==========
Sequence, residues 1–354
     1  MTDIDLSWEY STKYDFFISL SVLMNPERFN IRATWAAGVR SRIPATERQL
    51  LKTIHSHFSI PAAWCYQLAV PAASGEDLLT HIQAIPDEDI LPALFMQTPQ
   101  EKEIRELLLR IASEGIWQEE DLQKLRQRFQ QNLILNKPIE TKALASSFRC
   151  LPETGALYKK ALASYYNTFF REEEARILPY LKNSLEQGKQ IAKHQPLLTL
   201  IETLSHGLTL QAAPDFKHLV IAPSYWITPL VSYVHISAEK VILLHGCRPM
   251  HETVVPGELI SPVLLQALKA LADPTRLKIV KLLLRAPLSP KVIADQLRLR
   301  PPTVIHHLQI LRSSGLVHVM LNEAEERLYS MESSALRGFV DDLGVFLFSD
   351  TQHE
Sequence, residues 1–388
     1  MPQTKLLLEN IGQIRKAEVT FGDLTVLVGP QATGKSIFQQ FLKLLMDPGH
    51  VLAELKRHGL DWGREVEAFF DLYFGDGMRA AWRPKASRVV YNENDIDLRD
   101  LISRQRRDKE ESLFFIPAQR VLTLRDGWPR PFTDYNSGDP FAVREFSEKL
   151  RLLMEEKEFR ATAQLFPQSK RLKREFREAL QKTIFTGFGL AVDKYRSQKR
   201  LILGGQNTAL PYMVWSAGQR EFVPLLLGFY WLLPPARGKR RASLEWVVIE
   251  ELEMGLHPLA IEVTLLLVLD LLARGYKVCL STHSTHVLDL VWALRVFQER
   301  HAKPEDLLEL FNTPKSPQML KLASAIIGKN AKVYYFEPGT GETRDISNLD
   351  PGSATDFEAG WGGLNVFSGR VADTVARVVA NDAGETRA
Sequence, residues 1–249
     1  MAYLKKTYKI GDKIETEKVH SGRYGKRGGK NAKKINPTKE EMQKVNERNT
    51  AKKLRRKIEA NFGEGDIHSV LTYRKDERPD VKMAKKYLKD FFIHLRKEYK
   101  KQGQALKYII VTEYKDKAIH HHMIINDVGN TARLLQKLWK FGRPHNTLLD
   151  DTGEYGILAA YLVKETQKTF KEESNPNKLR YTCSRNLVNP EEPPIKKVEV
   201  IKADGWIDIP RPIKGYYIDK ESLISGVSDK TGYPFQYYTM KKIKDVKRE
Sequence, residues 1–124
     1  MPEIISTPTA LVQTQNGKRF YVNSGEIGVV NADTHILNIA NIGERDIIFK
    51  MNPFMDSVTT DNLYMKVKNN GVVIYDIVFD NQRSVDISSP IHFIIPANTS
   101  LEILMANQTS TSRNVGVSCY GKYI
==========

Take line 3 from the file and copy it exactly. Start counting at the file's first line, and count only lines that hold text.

    51  LKTIHSHFSI PAAWCYQLAV PAASGEDLLT HIQAIPDEDI LPALFMQTPQ